Canadian prodigy Lance Stroll -- who will make his F1 debut with Williams in 2017 -- is blessed with the golden combination of talent and money.
Stroll's billionaire father Lawrence has helped fund his preparation for F1, paying for numerous private tests this year with old cars on current circuits. But Stroll backs up his family's wealth with talent and results on track -- the youngster's career so far shows his enormous potential.
His elevation comes after successfully winning the European Formula 3 championship -- the series Max Verstappen finished third in before his rookie F1 season -- in dominant fashion. After finishing fifth in that series last year, the title gives him the superlicence points needed for an F1 drive. Previously, he won the Italian Formula 4 Championship in 2014.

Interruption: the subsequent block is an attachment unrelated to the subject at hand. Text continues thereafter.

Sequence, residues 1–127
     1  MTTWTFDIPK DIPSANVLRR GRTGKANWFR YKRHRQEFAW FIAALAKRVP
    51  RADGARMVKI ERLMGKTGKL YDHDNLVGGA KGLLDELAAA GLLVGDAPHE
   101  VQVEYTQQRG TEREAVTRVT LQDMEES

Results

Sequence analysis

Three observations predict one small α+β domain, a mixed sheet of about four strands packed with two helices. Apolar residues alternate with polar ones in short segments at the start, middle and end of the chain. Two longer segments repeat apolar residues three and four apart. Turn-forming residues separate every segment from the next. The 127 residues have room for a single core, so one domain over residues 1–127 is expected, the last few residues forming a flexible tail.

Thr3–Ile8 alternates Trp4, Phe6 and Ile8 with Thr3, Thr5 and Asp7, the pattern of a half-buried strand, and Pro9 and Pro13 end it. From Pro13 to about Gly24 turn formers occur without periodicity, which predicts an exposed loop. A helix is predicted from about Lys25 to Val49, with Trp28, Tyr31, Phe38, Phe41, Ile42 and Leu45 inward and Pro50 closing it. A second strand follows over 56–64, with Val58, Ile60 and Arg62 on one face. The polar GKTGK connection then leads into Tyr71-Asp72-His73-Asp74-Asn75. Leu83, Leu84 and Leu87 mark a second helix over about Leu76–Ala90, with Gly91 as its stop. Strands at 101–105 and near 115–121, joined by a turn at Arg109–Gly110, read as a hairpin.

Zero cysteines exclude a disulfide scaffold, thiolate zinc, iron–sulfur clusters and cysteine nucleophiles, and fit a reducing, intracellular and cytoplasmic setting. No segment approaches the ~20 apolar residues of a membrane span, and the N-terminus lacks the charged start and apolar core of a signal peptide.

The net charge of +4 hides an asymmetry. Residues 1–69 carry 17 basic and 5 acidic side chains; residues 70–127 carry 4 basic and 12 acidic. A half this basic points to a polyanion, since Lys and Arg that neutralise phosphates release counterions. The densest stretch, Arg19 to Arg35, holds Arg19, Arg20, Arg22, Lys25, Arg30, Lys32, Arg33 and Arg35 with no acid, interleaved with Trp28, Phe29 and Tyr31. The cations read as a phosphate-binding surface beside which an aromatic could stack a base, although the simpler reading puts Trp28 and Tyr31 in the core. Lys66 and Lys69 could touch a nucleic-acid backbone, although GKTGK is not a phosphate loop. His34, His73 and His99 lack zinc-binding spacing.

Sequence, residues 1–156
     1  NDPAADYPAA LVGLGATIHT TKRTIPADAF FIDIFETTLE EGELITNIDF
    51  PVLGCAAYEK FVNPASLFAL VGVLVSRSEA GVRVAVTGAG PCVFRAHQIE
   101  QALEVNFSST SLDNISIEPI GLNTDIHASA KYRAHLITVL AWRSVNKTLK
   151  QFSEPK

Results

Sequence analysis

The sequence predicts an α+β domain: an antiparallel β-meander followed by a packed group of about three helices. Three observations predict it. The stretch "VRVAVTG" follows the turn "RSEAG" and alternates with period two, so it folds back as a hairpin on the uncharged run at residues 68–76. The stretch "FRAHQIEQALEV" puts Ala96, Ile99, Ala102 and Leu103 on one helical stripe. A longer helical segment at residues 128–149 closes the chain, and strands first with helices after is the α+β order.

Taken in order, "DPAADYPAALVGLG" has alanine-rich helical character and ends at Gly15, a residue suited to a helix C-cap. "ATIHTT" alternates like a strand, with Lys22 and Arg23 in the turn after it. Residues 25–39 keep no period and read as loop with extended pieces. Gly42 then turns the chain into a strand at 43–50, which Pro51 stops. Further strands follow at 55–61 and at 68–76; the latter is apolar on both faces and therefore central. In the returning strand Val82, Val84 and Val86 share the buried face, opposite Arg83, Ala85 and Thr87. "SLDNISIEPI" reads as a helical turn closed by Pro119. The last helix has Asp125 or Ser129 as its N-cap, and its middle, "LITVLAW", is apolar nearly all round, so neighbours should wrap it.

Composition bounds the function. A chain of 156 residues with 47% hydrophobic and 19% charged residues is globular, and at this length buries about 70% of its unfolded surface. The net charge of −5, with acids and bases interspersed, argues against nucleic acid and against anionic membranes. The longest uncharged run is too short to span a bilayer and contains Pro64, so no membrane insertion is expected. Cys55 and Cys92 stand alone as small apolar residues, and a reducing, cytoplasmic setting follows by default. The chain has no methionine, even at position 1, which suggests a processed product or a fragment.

He was signed to a Ferrari development deal at the age of 11 after dominating the North American karting ranks. He switched to development role at Williams last year, with the team likely to offer him a faster route to F1 -- a decision vindicated by his elevation to a full-time drive next year.
When he debuts, Stroll will become the second-youngest driver to appear in an F1 race, behind Verstappen. His first season will provide the daunting challenge of getting to grips with the 2017 cars, which will be wider, more aggressive-looking and more of a physical challenge for the drivers, though may also act as something of a leveller as the rest of the grid adapts.
His father -- worth an estimated $2.4 billion according to Forbes -- is a collector of vintage Ferraris and investor in numerous fashion lines, including Ralph Lauren and Tommy Hilfiger. He is part-owner of the Prema team Lance drove to the European F3 title with this year. Though plans were originally for Lance to step up to GP2 with Prema next year, the family and Williams decided an immediate elevation to F1 was the better option.
Stroll joins a Williams team responsible for starting the F1 careers of 2009 world champion Jenson Button and Nico Rosberg, who is on the verge of winning this year's title. Williams was also where Jacques Villeneuve, the last Canadian on the F1 grid, won the championship in 1997. That remains Williams' last championship victory.